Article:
Director: Avik Mukherjee
Genre: Thriller/Psychological Thriller
Language: Bengali
Country: India

Friday, 25 June 2010

La Dolce Vita (The Sweet Life) [1960]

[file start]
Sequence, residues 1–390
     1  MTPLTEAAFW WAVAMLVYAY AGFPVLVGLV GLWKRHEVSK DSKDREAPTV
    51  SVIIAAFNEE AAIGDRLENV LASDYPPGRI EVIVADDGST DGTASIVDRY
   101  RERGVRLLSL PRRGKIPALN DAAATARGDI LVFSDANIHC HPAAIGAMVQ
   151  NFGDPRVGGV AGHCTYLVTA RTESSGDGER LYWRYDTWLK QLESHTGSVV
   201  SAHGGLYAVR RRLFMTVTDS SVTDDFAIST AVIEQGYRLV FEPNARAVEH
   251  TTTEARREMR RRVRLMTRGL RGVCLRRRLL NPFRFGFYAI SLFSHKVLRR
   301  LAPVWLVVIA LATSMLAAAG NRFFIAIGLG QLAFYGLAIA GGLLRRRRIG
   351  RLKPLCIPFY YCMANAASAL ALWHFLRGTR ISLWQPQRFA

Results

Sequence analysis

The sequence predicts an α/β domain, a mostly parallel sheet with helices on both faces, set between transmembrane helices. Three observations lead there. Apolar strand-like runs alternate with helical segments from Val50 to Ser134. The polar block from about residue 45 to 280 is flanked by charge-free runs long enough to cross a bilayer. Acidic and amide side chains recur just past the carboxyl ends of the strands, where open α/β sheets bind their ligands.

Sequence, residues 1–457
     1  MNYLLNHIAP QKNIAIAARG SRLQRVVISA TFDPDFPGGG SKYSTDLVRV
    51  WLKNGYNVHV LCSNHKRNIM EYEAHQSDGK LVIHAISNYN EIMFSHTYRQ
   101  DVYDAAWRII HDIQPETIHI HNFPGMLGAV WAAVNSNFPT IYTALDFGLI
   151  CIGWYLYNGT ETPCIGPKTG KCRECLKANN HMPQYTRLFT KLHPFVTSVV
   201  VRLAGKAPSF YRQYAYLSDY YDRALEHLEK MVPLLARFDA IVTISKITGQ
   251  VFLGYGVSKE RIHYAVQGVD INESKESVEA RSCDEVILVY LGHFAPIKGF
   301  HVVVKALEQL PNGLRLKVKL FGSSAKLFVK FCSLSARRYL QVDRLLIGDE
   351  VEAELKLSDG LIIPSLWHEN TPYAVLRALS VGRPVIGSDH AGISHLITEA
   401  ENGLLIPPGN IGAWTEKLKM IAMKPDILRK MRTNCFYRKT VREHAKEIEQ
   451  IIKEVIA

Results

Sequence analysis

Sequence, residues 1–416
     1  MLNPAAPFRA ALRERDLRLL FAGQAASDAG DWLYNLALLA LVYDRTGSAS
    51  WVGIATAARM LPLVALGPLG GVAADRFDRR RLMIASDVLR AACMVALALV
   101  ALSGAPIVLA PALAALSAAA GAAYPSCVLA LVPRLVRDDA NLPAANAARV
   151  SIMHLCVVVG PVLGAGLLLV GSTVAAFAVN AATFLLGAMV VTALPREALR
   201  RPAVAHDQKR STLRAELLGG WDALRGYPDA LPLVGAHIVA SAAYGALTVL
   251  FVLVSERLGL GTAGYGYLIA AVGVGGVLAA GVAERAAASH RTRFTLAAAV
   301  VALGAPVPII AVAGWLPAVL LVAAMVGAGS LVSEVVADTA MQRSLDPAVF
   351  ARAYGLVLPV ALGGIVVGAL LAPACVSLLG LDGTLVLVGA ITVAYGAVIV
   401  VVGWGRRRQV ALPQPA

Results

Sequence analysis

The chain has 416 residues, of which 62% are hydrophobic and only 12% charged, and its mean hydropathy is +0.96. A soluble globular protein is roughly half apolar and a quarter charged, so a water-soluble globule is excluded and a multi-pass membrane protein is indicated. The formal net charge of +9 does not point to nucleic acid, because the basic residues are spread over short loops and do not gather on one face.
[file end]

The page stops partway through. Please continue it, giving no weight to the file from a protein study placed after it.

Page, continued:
Very few filmmakers apart from Charlie Chaplin have been fortunate to have had their names turned into an adjectives to describe their respective style and/or school of filmmaking. Federico Fellini was one, and consequently La Dolce Vita, considered along with 8 ½ as one of the two greatest masterpieces of the Italian maestro, can only mostly aptly be defined by the epithet Felliniesque. The movie is an astringent portrayal of the rabid celebrity-obsession and fixation that has come to define “modern” society, littered with paparazzo, yellow journalism, hedonism and an overall shallowness. In one of the most widely recognized onscreen performances, Marcello Mastrioanni starred as a bohemian gossip journalist and wannabe litterateur, who spends his days and nights swamped with bored socialites and hookers at various parties and nightclubs. And the ennui, lack of emotional involvement and spiritual dissatisfaction of our picaresque hero form the perfect mirror for the decadence, desolation and debauchery that the Rome he wanders through is perpetually filled with. His boisterous tryst with a beautiful and voluptuous but intellectually vacuous actress (played with carefree abandon by Anita Ekberg) at a Roman fountain remains one of the most iconic movie moments. Shot in glorious black-and-whites, the movie’s circus-like depiction of life’s excess and the emptiness therein made this a landmark European arthouse movie with few equals.